The potentiometer 78 senses the position of the source assembly 22 and its resistance represents that position. The potentiometer 66 on the receptor assembly 28 is also connected to the servo amplifier 80. Thus, when the receptor assembly 28 is moved, the resultant differences in the resistances in the two potentiometers 66 and 78 are sensed and as a result the servo motor 82 is operated to move the source assembly to the extent where the resistance in potentiometer 78 again matches the resistance in potentiometer 66, which indicates that the two assemblies are transversely aligned. The circuit in FIG. 5 illustrates these functions.

Referring again to FIG. 3, there is illustrated diagrammatically the longitudinal adjustments of the receptor and source assemblies. Receptor assembly 28 is moved longitudinally of the table, this being done manually by the operator by means of handle 61. Since the receptor assembly 28 is mounted on tower 38, such transverse movement of the receptor assembly causes corresponding movement of the tower along frame member 40, as described hereinbefore.

A cable 84 is wound over pulleys 86 and 88 and has its ends connected to respective opposite sides of the tower 38. Tower 38 carries a toothed rack 90 which meshes constantly with a gear on a potentiometer 92 fixed to the frame member 41. Thus, when the receptor assembly 28 is moved longitudinally of the table, consequent movement of the tower 38 and rack 90 will cause a change in resistance of the potentiometer 92.

From FIG. 3 it will be seen that the source assembly 22 is individually movable longitudinally of the table. The frame 44 is longitudinally movable on frame members 58 and 40 under control of a cable 94 which is wound over spaced pulleys 96 and 98 and has its ends connected to opposite ends of the frame 44. One pulley 96 is connected to a motor 100 whereby the source assembly may be longitudinally moved. The second pulley 98 is operatively connected to a potentiometer 102 which senses the position of the source assembly and produces a resistance accordingly.

The two potentiometers 92 and 102 are interconnected in a manner similar to that shown in FIG. 5. Therefore, when the resistance in potentiometer 102 is different from the resistance in potentiometer 92, the motor 100 will move the source assembly to the extent necessary to produce a resistance in potentiometer 102 equal to the resistance in potentiometer 92. When this occurs, the receptor and source assemblies are aligned and the motor 100 stops.

It is to be understood that the described servo mechanisms may be utilized with the longitudinal adjustments of the receptor and source assemblies, the transverse adjustments, or both.

From the foregoing it will be apparent that various modifications and changes in the structures shown and described and in their operation may be made by those skilled in the art without departing from the spirit of the invention as expressed in the accompanying claims. Therefore all matter shown and described is to be interpreted as illustrative and not in a limiting sense.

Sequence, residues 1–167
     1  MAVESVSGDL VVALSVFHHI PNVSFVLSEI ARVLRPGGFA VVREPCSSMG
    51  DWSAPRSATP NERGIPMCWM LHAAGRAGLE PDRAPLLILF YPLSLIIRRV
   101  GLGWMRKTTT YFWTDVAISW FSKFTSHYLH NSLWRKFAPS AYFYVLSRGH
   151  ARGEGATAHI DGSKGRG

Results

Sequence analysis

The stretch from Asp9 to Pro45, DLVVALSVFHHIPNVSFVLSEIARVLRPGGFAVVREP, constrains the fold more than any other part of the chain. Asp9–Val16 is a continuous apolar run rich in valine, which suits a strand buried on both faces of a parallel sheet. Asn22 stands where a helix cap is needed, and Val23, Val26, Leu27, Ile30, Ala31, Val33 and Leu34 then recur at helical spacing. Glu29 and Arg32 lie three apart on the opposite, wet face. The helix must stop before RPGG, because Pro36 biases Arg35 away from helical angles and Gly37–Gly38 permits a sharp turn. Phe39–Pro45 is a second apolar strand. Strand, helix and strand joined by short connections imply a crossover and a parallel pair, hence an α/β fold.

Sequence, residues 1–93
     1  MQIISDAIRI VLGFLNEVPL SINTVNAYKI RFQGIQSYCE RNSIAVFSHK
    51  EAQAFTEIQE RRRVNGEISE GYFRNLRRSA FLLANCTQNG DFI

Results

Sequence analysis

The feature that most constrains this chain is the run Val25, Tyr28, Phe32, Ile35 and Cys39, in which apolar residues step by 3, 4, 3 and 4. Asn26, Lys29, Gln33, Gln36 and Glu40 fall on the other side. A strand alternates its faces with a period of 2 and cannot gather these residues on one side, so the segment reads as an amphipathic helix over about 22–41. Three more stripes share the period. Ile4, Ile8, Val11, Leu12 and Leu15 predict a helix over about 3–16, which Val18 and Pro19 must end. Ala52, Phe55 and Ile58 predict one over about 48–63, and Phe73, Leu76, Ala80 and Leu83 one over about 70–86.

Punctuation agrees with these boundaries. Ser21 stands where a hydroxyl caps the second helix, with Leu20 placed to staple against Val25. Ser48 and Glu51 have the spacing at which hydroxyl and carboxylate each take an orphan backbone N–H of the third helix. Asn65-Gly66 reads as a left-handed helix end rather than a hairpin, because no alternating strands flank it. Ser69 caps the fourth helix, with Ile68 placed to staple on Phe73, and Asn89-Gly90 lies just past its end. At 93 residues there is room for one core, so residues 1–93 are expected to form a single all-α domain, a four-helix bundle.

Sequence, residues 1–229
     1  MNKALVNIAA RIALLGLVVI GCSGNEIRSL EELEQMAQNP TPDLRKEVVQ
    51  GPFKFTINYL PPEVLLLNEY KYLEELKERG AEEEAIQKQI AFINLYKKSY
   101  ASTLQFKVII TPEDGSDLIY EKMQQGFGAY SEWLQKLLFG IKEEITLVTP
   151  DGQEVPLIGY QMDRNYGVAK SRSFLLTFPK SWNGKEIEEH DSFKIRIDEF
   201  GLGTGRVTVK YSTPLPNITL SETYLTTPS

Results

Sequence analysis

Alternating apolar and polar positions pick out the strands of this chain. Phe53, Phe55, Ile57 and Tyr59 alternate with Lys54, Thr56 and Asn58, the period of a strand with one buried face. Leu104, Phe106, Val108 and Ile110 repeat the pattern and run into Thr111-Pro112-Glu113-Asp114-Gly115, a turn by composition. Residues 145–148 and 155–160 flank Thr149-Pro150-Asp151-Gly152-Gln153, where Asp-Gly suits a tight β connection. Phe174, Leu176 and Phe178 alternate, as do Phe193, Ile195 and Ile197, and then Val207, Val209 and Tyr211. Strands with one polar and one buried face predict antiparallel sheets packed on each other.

Patent Citations
Cited PatentFiling datePublication dateApplicantTitle
US2823316 *Aug 17, 1953Feb 11, 1958Picker X Ray CorpCentering device for x-ray apparatus
US3281598 *Nov 19, 1965Oct 25, 1966Picker X Ray Corp Waite MfgOverhead support for a vertically and rotatably movable x-ray tube support arm and cooperating tiltable x-ray table
US3420997 *Oct 31, 1966Jan 7, 1969Gen ElectricFluoroscopic x-ray tube mounting for a tiltable x-ray table to prevent misalignment
US4024403 *Mar 19, 1976May 17, 1977General Electric CompanyX-ray cardiovascular examination apparatus
Referenced by
Citing PatentFiling datePublication dateApplicantTitle
US4392096 *Oct 15, 1981Jul 5, 1983General Electric CompanySectional X-ray table having dual servo drives
US5014292 *Jan 29, 1990May 7, 1991Siczek Bernard WTiltable x-ray table integrated with carriage for x-ray source and receptor
US5023899 *Jun 18, 1987Jun 11, 1991Ohlson Carl EricMethod and arrangement for X-ray photography or the like
US5050202 *Jan 25, 1990Sep 17, 1991Kabushiki Kaisha ToshibaX-ray radiographing apparatus
US5077780 *Nov 23, 1990Dec 31, 1991Lee Jr James GFlat top radiographic table
US5185777 *Feb 27, 1991Feb 9, 1993Kabushiki Kaisha ToshibaX-ray radiographing system with spot-film device
US6374937 *Oct 26, 1999Apr 23, 2002John GalandoMotorized support for imaging means and methods of manufacture and use thereof
EP0379195A1 *Jan 18, 1990Jul 25, 1990Kabushiki Kaisha ToshibaX-ray fluoroscopy apparatus
EP0380076A1 *Jan 24, 1990Aug 1, 1990Kabushiki Kaisha ToshibaX-Ray radiographing apparatus
EP0444677A2 *Feb 28, 1991Sep 4, 1991Kabushiki Kaisha ToshibaX-ray radiographing system
WO1987003795A1 *Dec 18, 1986Jul 2, 1987Ao Medical Products AbA method and arrangement for x-ray photography or the like, in which there is used a tower stand that can be moved at a patient examination table
WO1988010095A1 *Jun 18, 1987Dec 29, 1988Ao Medical Products AbA method and arrangement for x-ray photography or the like
WO2001030635A1 *Oct 26, 2000May 3, 2001John GalandoImproved motorized support for imaging means and methods of manufacture and use thereof
Classifications
U.S. Classification378/190, 378/91, 378/196
International ClassificationA61B6/04, A61B6/00
Cooperative ClassificationA61B6/0457, A61B6/4476
European ClassificationA61B6/44L, A61B6/04C
Legal Events
DateCodeEventDescription
Nov 18, 1988ASAssignment
Owner name: FISCHER IMAGING CORPORATION, A CORP. OF MN, COLORA
Free format text: ASSIGNMENT OF ASSIGNORS INTEREST.;ASSIGNOR:MACHLETT LABORATORIES, INC.;REEL/FRAME:005002/0766
Effective date: 19881108